In the third quarter of 2018, the U.S. office market again showed steady improvement, according to Transwestern’s national outlook for the sector. Absorption reached 22.7 million square feet, vacancy remained stable at 10.1%, and asking rents increased by 4.0%, annually.
Ryan Tharp, Research Director in Dallas, said the strong economy has contributed to the office market’s momentum, despite softer income growth in a very tight labor market.
“Real gross domestic product increased at an annualized 3.5%, according to first estimates, and personal consumption contributed 2.7% to that rate,” Tharp said. “Because inflation has remained in line with the Federal Reserve’s target of 2.0%, consumer and business confidence should keep the office market healthy well into 2019.”
A positive sign is that year-to-date net absorption in the office market was 17.1% higher at the end of the third quarter than it was for the same period last year. Dallas-Fort Worth, San Francisco and Denver led in absorption by a significant margin for the prior 12 months, with a combined 13.3 million square feet.
Meanwhile, demand and supply are headed for equilibrium as new construction activity peaked in early 2017. In the third quarter, only 146.3 million square feet was under construction nationally.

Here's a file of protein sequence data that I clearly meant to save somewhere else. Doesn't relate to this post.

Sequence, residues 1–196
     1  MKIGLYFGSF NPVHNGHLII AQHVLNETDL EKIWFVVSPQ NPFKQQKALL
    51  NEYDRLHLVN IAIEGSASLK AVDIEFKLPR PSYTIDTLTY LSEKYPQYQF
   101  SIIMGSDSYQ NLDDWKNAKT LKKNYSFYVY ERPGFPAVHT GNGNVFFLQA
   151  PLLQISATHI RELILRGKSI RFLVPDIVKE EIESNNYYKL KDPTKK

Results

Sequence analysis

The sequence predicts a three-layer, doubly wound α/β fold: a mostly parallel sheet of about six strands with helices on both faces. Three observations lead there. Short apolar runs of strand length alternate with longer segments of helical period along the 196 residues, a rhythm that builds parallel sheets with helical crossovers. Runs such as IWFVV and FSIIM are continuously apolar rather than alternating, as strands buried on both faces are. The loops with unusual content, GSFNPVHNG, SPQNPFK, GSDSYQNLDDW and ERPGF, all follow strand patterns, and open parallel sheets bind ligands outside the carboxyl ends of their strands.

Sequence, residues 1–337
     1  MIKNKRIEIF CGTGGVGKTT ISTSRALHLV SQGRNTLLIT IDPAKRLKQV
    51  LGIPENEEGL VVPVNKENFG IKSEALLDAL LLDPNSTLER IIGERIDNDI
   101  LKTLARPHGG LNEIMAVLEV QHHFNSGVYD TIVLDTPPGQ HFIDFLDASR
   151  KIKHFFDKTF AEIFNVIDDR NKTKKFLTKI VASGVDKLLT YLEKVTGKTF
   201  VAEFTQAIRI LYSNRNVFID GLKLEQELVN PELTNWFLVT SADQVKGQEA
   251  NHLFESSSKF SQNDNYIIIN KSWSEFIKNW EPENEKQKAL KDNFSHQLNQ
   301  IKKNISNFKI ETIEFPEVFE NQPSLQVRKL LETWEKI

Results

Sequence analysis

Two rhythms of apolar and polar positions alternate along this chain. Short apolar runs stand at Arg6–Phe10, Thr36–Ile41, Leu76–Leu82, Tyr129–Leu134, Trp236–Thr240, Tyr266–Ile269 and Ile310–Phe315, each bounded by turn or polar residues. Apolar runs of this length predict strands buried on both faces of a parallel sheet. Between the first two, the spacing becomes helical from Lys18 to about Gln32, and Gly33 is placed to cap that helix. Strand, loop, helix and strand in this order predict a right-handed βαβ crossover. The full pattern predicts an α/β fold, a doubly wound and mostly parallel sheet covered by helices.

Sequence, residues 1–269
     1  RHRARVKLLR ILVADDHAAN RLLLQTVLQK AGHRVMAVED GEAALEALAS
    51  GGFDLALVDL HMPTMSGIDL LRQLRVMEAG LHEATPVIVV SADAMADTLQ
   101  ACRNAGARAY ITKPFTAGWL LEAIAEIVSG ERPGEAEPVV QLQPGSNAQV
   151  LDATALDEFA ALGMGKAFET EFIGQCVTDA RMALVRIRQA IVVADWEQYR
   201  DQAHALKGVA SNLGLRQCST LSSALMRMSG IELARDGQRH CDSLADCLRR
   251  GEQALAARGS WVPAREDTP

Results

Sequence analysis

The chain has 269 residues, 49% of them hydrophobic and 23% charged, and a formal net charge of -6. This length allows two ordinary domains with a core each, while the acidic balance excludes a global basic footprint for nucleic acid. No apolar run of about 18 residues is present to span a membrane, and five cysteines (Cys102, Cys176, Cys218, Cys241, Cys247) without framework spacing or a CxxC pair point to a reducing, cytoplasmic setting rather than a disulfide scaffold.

“It’s encouraging to see that office demand is broad-based across multiple sectors, with the technology and coworking sectors driving demand as we move later in the cycle,” said Michael Soto, Research Manager in Los Angeles. “If demand continues unabated, rental rate growth should moderate.”
Year-over-year, Minneapolis, San Antonio, and Charlotte, North Carolina, have experienced the most dramatic rent growth, all coming in at 10% or greater. The strong performance of secondary markets demonstrates that the office sector is not being propped up by a few formidable markets.
Download the national office market report at: http://twurls.com/3q18-us-